Another girl, another blog


One year
February 23, 2010, 7:45 am
Filed under: Uncategorized

Feb. 21, 2009:

The beginning of the end…the night before Aaron fell out of his hospital bed in the front room and I had to call my brother in law to come over at 3am to help me lift Aaron off the floor and put him back in the bed. I “slept” on the couch in the front room, but probably got a half-hour of sleep after that incident. Family came over, I finally decided that it was time to contact a local funeral home regarding arrangements. August stayed up with him during the night so I could finally get some sleep.

Feb. 22, 2009:

Sunday morning. My dryer was still out, so I decided to go and do laundry. At 3:00 I had an appointment at the Long Beach Forest Lawn to start making arrangements. Nicole came over and had jelly beans. She gave Aaron some on the little bedside table he had and when she took one, he looked up at her and said something very cute (I think along the lines of, “you took my jelly bean!” in a British accent….I can’t really remember).

As Deb, Nicole, Vanessa and I were leaving the Forest Lawn, I got a phone call from the hospice nurse who had come over to the house to help with Aaron. She told me that Aaron was in the “active stage of dying” and had anywhere from a few hours to a few days. I broke down. I called his dad and step-mom and told them what they needed to know and asked them to come over and say goodbye. A hospice chaplian came over and prayed with all of us.

For some reason, Aaron was craving a Big Mac and a “dozen hot wings from Wing Stop.” Scott and Chrystal, god bless them, went and got those things for him. He actually managed to keep down 3/4 of his Big Mac, but none of the wings. For the first…and last…time I let him smoke in the house. He looked at me and said, “I have to be dying for you to let me smoke in the house?” and we laughed, but behind the laugher, we both knew that there was nothing but truth behind that statement.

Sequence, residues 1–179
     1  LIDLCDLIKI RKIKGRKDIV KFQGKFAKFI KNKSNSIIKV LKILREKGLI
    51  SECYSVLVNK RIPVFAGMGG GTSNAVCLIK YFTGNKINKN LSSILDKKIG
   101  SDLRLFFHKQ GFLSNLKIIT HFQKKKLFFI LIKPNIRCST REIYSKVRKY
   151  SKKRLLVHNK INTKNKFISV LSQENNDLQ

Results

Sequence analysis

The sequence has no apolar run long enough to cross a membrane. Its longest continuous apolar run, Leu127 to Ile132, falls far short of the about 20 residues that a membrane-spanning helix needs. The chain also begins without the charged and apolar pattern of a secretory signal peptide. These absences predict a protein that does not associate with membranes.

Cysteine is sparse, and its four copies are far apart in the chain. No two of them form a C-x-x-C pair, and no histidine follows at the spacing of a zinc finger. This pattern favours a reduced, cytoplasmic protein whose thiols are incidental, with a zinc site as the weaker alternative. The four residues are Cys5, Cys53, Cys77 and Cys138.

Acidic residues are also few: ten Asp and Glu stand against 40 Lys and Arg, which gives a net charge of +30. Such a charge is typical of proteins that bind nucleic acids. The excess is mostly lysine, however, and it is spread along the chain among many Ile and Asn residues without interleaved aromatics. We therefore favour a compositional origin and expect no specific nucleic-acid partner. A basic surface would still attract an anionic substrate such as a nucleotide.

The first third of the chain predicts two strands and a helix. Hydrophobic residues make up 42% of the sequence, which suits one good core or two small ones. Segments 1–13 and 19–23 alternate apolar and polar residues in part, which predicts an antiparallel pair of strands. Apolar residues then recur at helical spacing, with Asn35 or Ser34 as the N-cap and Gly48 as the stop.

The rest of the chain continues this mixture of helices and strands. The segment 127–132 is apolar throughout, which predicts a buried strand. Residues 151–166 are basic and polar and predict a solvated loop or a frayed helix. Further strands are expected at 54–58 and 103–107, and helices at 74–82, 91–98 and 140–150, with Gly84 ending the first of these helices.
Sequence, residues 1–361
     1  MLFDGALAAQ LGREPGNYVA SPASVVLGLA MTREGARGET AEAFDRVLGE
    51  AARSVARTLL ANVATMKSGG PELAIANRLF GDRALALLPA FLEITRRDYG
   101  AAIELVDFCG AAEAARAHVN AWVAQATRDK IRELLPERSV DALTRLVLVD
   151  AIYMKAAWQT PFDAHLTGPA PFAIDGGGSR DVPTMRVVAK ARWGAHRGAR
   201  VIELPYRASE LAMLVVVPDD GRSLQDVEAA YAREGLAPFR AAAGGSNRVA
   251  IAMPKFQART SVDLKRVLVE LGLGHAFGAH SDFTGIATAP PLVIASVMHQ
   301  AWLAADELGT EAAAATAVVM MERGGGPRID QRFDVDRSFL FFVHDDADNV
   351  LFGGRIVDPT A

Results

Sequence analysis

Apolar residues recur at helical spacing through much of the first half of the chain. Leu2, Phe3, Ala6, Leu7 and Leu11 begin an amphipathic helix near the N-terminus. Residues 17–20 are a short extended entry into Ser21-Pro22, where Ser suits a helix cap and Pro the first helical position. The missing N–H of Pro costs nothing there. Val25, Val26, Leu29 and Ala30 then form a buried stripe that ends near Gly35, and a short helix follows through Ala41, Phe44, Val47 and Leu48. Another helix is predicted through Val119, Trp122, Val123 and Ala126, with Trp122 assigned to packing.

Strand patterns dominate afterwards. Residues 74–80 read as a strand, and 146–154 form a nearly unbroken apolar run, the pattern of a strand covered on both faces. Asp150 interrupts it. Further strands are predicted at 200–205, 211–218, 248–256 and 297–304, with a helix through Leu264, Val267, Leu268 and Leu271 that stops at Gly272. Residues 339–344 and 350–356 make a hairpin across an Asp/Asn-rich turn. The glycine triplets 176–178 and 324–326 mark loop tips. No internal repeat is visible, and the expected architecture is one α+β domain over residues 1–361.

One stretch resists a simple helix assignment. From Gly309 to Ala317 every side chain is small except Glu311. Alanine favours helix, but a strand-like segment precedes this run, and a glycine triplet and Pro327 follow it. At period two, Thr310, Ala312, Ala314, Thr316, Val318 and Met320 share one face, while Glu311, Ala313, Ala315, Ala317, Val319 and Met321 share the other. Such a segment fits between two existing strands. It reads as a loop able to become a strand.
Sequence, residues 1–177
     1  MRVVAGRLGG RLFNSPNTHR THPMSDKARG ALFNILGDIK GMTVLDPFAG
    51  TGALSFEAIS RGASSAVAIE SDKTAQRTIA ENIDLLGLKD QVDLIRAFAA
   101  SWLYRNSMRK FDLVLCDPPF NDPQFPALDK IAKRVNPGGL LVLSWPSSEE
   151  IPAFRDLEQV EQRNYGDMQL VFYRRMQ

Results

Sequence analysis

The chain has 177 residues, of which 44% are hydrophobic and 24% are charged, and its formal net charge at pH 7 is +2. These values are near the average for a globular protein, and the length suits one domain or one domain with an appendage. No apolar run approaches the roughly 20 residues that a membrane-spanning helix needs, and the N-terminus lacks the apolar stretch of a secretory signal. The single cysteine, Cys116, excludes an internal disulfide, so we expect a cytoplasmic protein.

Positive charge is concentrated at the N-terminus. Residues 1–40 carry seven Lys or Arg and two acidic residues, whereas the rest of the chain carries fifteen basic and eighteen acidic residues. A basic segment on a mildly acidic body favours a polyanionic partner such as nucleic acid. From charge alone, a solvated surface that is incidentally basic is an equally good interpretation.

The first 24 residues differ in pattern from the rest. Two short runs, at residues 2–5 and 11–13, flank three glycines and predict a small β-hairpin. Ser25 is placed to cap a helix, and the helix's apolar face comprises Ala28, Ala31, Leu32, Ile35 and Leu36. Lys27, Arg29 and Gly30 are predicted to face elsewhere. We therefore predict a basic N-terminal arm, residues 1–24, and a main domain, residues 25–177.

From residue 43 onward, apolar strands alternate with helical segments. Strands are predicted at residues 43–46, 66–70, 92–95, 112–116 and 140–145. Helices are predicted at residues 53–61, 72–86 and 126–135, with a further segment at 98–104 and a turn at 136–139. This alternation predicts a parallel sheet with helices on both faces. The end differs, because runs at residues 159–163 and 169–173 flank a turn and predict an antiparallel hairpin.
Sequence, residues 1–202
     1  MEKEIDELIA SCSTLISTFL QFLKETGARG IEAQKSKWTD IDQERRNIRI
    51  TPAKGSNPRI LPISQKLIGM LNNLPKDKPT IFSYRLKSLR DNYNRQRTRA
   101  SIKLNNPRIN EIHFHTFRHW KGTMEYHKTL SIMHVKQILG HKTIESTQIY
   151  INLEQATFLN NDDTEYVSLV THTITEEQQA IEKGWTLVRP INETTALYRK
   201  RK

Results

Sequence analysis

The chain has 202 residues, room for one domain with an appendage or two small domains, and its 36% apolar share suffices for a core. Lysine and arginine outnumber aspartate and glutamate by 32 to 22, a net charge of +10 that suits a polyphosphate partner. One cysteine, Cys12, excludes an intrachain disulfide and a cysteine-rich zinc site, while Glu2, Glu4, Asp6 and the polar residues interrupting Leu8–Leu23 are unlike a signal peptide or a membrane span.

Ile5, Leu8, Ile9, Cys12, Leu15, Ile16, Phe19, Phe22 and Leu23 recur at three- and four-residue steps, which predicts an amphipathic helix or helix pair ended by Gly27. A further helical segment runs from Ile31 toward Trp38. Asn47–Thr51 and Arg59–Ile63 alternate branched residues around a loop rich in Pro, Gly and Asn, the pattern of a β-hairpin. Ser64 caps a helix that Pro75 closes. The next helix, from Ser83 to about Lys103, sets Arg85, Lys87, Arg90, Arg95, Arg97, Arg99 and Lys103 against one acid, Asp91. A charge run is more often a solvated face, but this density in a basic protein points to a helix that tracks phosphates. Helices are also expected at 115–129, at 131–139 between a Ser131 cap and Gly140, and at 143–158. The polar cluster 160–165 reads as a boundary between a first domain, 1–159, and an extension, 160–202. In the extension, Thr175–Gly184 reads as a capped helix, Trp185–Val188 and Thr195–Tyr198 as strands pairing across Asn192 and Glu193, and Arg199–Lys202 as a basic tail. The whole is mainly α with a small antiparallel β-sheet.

My “family of choice” came over with Roscoe’s and hung out in the back room. My mother-in-law was very annoyed by this fact, but like I told her, they weren’t there for a “Superbowl” party, but there for me to support me however I needed them to be. Most of them left, but Lisa and Nicole made plans to come over the next day. Deb stayed up with Aaron while I got some sleep.

Feb. 23, 2009:

Monday morning was a beautiful morning. I woke up around 6 and relieved Deb of Aaron-watch. I spent the morning with him, just talking and fighting (if he could get into the wheelchair and go outside).

Eric, one of Aaron’s best friends, drove 8 hours straight and came down from NorCal to spend some time with Aaron. Scott was there and the three of them had some good laughs for a few minutes.

At the end, around 3:00 pm, it was a sunny, lovely, quiet afternoon. Deb, August, Scott, Eric, Tracy and Lisa were there as we said good-bye to Aaron and watched him transition from this life into the next.

I don’t remember much about the rest of that night. There were phone calls, emails, texts, tears, hugs and just plain ol’ sadness. There was a point, after Aaron had been taken out of the house, where a group of about 15 of us were sitting around and telling stories about the first time everybody met Aaron. I don’t remember anybody else’s stories…but I remember the love that was in the room. There was a moment where I had a breakdown and Lance was there to put his arm around me and help me through it. Lisa spent the night that night. I went to bed before everybody else left, and went into my room and called Aaron’s phone more times than I can remember and listened to his outgoing voicemail message just to have that connection to him for as long as I could.

I cannot believe that it’s been a year since Aaron’s been gone. There have been so many changes in my life since that day, so long ago. Some good, some awful, some wonderful. I’ve grown more than I thought I could. I’ve cried more than I thought I could. But everytime, the tears have stopped and I have continued to function.

I keep moving forward because I don’t have a choice. I’m sure I could stand still, wallow in my grief, but I refuse to live my life at a standstill. But today, I will take the time to remember–not only that day, but the many days before that, and the handful that have come after.

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